When a seller breaches express or implied warranties, a buyer may recover "the difference at the time and place of acceptance between the value of the goods accepted and the value they would have had if they had been as warranted... ." NRS 104.2714(2). The buyer may also recover consequential damages so long as those damages result "from general or particular requirements and needs [of buyer] of which the seller at the time of contracting had reason to know[1] and which could not reasonably be prevented by cover[2] or otherwise... ." NRS 104.2715(2)(a). In the case at bar, the district court awarded consequential damages only. Specifically, the district court stated:

[S]aid damages include the cost of drilling a second well as a result of loss of the first in the amount of $19,200; $320 for lost income to Plaintiff while trying to fish the broken bit out of the well; $400 for the costs of a trip to Oregon to obtain a new bit to replace the broken one; and an allowance of $615 toward the cost of the new bit which was purchased by Plaintiff from an Oregon supplier.

Additionally, the burden of establishing damages lies on the injured party, Waldrop. See Dinwiddie Constr. Co. v. Campbell, 81 Nev. 469, 406 P.2d 294 (1965). Waldrop need not prove its damages with mathematical precision; it need only establish a reasonable basis for ascertaining those damages. See Bader v. Cerri, 96 Nev. 352, 609 P.2d 314 (1980).

Based on the foregoing explanation of the applicable law, we turn now to the damage award in the case at bar. The district court found that Waldrop was entitled to recover $19,200 in damages as a consequence of the forced abandonment of the first well. It appears that the district court reasoned that since Waldrop spent twelve days on the second well and was paid $19,200, Waldrop should receive a like amount for the loss of the first well on which Waldrop also spent approximately twelve days. This award is obviously incorrect. Waldrop was paid at a contract rate of $48 per foot drilled. Because the second well reached a depth of 400 feet, Waldrop received $19,200. The abandoned well only reached a level of 135 feet. Had Waldrop been compensated for the partial well at the contract rate, Waldrop would have received only $6,480. To award Waldrop damages equal to drilling 400 feet *38 when, in fact, Waldrop only drilled 135 feet would result in overcompensation.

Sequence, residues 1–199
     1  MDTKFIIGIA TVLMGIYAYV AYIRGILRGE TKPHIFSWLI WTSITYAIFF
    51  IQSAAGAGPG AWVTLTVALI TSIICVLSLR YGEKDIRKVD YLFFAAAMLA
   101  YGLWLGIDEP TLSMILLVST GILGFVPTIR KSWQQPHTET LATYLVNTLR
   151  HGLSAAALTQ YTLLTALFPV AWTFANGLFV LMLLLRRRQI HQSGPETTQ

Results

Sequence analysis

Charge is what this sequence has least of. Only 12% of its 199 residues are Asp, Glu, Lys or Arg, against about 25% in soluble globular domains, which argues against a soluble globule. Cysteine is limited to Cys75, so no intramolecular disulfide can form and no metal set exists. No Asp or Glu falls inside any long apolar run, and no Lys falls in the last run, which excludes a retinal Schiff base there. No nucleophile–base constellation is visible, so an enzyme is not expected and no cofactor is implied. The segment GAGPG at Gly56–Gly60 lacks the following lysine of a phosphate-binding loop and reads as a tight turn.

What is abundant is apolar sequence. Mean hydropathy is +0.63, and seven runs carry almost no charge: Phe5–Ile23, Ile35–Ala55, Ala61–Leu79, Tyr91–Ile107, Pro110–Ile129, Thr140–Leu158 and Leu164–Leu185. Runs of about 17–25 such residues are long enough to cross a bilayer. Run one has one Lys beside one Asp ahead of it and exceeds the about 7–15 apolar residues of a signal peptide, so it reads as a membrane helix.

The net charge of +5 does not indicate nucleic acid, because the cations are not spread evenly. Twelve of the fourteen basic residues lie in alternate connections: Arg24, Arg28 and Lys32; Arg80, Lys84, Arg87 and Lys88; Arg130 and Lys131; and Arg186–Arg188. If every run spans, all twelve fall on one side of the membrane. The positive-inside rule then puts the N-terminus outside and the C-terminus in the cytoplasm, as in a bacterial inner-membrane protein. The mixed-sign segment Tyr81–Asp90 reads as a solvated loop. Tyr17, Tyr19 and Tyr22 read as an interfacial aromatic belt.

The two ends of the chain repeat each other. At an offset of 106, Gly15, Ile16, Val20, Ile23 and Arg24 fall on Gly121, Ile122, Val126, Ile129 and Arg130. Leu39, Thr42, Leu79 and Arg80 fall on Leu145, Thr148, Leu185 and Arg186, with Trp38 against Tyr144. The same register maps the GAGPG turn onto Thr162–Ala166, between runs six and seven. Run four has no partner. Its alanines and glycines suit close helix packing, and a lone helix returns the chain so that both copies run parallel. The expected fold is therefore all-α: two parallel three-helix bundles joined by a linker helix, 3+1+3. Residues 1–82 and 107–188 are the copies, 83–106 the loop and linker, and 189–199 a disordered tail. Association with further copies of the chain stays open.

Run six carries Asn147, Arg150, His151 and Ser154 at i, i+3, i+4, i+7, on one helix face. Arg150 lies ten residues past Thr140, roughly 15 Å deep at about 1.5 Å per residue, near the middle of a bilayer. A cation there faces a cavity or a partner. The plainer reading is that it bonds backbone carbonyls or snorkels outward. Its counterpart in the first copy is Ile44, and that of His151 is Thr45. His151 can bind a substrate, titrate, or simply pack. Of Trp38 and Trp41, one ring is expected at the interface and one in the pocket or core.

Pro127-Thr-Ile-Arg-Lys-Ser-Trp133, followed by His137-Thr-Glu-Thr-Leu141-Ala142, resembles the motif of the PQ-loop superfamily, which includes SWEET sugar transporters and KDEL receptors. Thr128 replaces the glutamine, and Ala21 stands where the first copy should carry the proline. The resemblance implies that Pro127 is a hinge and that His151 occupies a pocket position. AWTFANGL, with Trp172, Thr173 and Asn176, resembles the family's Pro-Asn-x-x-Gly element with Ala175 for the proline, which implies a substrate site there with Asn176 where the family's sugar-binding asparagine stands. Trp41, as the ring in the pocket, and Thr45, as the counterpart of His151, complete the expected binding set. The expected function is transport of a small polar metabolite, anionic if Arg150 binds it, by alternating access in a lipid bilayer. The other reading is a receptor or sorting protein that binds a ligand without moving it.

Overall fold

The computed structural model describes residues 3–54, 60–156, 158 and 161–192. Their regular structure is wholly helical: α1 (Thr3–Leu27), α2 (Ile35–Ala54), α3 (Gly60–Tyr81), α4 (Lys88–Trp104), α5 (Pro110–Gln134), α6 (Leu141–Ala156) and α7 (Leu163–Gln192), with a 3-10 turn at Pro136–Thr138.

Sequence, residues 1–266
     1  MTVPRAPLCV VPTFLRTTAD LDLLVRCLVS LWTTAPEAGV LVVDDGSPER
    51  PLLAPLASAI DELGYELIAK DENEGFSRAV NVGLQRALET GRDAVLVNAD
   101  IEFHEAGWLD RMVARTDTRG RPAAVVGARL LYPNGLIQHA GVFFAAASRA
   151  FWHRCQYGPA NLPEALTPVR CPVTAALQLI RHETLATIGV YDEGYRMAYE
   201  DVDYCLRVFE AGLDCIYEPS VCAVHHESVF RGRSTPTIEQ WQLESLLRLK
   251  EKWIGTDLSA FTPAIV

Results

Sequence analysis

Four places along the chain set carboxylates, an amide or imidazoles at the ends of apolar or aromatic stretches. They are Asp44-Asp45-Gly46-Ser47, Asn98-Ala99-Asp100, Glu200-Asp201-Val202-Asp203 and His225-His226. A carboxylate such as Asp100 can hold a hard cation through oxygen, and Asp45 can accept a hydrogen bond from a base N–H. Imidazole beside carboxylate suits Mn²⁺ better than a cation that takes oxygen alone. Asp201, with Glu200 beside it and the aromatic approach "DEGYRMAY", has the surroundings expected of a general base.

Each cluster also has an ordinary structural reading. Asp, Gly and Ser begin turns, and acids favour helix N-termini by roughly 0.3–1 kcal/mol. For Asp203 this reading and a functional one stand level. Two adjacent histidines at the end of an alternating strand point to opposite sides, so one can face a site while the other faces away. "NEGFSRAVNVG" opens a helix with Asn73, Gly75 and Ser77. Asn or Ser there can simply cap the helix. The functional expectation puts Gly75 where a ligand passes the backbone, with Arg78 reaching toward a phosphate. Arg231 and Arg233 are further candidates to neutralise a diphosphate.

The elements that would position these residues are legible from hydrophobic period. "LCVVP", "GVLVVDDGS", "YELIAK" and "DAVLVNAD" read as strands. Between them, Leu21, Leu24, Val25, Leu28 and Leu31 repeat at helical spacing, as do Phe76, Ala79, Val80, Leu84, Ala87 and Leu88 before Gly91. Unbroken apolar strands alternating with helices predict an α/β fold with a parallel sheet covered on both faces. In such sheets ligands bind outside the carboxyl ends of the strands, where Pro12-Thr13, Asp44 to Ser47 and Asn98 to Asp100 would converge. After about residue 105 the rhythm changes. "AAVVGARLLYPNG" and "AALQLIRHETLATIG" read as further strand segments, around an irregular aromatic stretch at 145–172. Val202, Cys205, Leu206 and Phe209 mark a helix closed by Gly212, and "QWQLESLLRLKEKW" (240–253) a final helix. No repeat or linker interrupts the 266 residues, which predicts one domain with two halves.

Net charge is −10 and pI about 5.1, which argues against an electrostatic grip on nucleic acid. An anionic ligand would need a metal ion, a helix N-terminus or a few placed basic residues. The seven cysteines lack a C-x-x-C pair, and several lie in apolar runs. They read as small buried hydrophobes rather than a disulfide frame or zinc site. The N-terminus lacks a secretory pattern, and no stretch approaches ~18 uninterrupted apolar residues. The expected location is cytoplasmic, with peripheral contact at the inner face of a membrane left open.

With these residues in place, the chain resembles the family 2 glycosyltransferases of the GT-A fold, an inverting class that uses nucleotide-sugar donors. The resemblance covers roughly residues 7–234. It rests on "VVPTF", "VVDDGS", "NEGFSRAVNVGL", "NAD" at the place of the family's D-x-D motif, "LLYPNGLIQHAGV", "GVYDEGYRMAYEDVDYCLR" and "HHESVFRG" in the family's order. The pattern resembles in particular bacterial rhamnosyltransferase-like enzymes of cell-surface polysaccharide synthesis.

As to the remaining elements of the damage award, we conclude that the district court did not err. Waldrop did indeed lose four days of Thomas Waldrop's services; therefore, Waldrop is entitled to receive $320 for the lost services while Thomas Waldrop was fishing out the first well and traveling to Oregon.[3] Also, the $400 allowed for the trip to Oregon to purchase the replacement bit was proper as a foreseeable consequential expense caused by the breaking of the first bit. Finally, while the trial court would have been more correct had it awarded Waldrop the difference between the value of the drill bit as accepted and the value of the drill bit had it been as warranted, the $615 allowance toward the cost of a new bit was not in error. We therefore remand this case to the district court for a reevaluation of damages in accordance with the views expressed in this opinion.


[1] This is a requirement that the seller must have reasonably foreseen the possibility of consequential damages. See Gerwin v. Southeastern Cal. Ass'n of Seventh Day Adv., 14 Cal. App. 3d 209, 92 Cal. Rptr. 111 (1971). This test of foreseeability is akin to that first expressed in the well-known case of Hadley v. Baxendale, 156 Eng.Rep. 145 (1854). See Frank B. Bozzo, Inc. v. Electric Weld Division, 283 Pa.Super. 35, 423 A.2d 702 (1980), aff'd, 495 Pa. 617, 435 A.2d 176 (1981).

[2] A buyer "covers" by "making in good faith and without unreasonable delay any reasonable purchase of or contract to purchase goods in substitution for those due from the seller." NRS 104.2712(1).

[3] Even though Waldrop paid Thomas Waldrop no salary in 1982, Waldrop did establish that Thomas Waldrop's services were worth $80 per day to Waldrop.